The vast gulf between imagination and reality is thrillingly realised in Flóra Anna Buda’s 27, contrasting ripe, verdant fields of sex fantasies with the noir-ish, dark cityscape of Budapest. Allowing her sexual imagination to run wild, Alice, 27 years old and still living with her parents, uses fantasy to escape from the more banal aspects of her unfortunate economic situation. Nestling a look at the Hungarian housing crisis within a frank, female-first slice of erotica, this deserving Cannes 2023 Palme d’Or winning animation certainly feels like the apotheosis of a recent wave of diverse, bold and memorable Hungarian animations — filled with hand drawn delights, smartly layering styles on top of one another and memorable, vivid characters. We had the chance to talk to Buda about working with a large team to pull the short off, creating LGBTQ content in Hungary and her reaction to winning the top prize at the Cannes Film Festival.

I’m 28, so just one year older than Alice in this film. Luckily I don’t live with my parents, but I can certainly relate to living in a little bit of a limbo. Why did you pick this age and why do you think it is ripe for dramatisation?

I can totally relate to you. I was 27 when I moved out of my parent’s place; it was a messy period with major limbos. So this part is autobiographical, but I also find this age very characteristic of when adolescence and adulthood is being a bit confused with each other. Not to mention all those rockstars who lost their lives at 27. It is a vulnerable and dramatic period for sure.

I loved the animation style of 27, which veers between fantasy and reality, and depicts Budapest as a dark, dystopia while the fantasy sequences are filled with light and joy. Tell me about how you wanted to approach the aesthetic of the film.

Thanks! The aesthetic came first actually. I was working on another script and I felt stuck so I started just drawing for myself. I drew three images right after each other in the same style, it was very exciting and motivating. In the meantime, I had the idea in the back of my head of directing an animated porno. I thought painting this universe could complement the explicit erotic scenes so it won’t feel so harsh on the big screen.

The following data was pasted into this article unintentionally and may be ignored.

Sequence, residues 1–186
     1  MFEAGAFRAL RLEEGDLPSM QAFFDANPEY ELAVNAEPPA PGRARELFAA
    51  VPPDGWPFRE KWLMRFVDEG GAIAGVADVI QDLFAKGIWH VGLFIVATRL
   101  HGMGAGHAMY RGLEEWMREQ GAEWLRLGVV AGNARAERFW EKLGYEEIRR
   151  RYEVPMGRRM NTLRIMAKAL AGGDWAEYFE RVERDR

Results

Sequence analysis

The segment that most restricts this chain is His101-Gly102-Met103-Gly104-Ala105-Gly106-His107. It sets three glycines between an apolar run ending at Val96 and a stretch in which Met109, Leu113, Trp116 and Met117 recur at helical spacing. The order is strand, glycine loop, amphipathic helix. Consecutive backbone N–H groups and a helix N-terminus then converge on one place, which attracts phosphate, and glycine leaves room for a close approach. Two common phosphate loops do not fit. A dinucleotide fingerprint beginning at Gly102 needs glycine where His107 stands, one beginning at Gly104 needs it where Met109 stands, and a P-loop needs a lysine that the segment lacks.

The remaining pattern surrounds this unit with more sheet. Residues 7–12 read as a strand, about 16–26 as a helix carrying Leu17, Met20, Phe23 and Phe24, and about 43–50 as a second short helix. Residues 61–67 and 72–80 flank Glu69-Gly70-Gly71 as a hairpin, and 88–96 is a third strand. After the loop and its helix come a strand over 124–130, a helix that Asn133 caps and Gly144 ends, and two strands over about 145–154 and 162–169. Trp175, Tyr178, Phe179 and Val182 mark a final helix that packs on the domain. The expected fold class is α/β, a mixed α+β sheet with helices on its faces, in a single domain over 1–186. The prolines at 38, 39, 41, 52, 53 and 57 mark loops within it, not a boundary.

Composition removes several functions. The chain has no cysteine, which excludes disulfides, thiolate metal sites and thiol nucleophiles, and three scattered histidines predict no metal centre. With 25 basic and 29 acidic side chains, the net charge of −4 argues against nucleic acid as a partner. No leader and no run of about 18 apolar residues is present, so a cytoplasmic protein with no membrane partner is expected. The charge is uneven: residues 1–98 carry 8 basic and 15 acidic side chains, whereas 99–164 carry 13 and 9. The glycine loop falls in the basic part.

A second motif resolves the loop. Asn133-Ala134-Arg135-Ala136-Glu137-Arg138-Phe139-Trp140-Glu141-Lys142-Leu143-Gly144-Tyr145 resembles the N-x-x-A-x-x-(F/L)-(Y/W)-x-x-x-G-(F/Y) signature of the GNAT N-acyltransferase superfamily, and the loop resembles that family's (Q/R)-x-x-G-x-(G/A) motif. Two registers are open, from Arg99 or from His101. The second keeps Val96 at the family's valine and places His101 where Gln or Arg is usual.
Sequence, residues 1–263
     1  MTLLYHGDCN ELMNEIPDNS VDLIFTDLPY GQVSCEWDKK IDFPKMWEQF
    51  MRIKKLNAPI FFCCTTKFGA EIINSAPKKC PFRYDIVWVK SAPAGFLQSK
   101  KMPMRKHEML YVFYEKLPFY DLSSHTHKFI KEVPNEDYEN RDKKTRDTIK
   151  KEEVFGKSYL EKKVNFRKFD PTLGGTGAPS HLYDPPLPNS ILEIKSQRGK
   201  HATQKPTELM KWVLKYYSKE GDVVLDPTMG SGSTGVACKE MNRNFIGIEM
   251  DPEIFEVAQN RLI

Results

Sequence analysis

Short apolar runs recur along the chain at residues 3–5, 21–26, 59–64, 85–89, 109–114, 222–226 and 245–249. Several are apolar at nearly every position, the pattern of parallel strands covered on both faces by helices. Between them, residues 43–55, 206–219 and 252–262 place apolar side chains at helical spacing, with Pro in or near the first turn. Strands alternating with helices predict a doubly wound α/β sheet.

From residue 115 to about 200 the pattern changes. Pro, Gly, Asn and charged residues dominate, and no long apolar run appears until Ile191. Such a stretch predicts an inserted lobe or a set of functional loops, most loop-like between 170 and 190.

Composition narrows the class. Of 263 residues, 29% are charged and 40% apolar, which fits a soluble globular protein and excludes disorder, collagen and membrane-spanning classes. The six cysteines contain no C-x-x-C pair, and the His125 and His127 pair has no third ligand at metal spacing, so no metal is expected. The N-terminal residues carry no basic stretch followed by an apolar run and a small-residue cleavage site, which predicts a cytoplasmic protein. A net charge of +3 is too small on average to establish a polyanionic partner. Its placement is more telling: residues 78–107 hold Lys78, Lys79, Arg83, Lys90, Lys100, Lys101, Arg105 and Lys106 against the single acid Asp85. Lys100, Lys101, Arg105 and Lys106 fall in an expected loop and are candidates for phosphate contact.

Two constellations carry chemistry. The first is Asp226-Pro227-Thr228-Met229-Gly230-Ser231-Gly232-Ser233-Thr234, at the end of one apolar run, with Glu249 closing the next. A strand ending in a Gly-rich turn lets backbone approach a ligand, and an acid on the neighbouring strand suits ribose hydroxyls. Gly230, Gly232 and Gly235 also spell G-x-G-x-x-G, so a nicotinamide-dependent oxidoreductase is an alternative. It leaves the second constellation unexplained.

The film is extremely frank about female sexuality and how important it is to a well-lived life. Is this honesty something that you feel is lacking in representation? How did you want to approach it?

I wanted to be as direct as I could be because I got tired of all the ‘bees and flowers’ style of representing erotica. It leaves too much room for different interpretations and I think this is one of the problems in real-life sex. I find it important to learn to communicate directly about sex in order to approach it in a healthier way. This and showing intimacy were the two priorities when I built up the sex scenes.

I find it important to learn to communicate directly about sex in order to approach it in a healthier way.

There is something quite porn-filmy about the opening sequence, with Alice finding a novel way to placate the police officers. Were you inspired by anything in particular?

It was inspired by a bike accident I had a few years ago, where I fell in front of six policemen and they had to call the ambulance. I was laughing later because it was such a realistic plot for a bad porn film. Also, I found the police a good symbol for authority which is also the everyday life of this character, since her life is ruled by others. Also, the beginning of David Lynch’s Blue Velvet was inspiring in terms of the faded summery morning colours. And besides that, I always had this fantasy of having sex in a wide-open field…


I wanted to ask what it was like to create those lesbian sex sequences in animation as your home country of Hungary passed a law against so-called “LGBT propaganda” in 2021. What was it like getting funding? What do you think the reaction might be like?

I left Hungary to make this film, I was abroad during the entire three years of production (and I still am). I felt like I needed to be in an open-minded atmosphere to be able to finish this piece. It was a risk for me on a personal level to direct such an explicit film and we didn’t get direct funding from the Hungarian national film institute. We had the French budget and through the Hungarian production house, we raised 30 per cent out of a tax refund. This way it could be a French-Hungarian coproduction which was important to me since I wanted the language to be Hungarian and to work with mostly Hungarian colleges.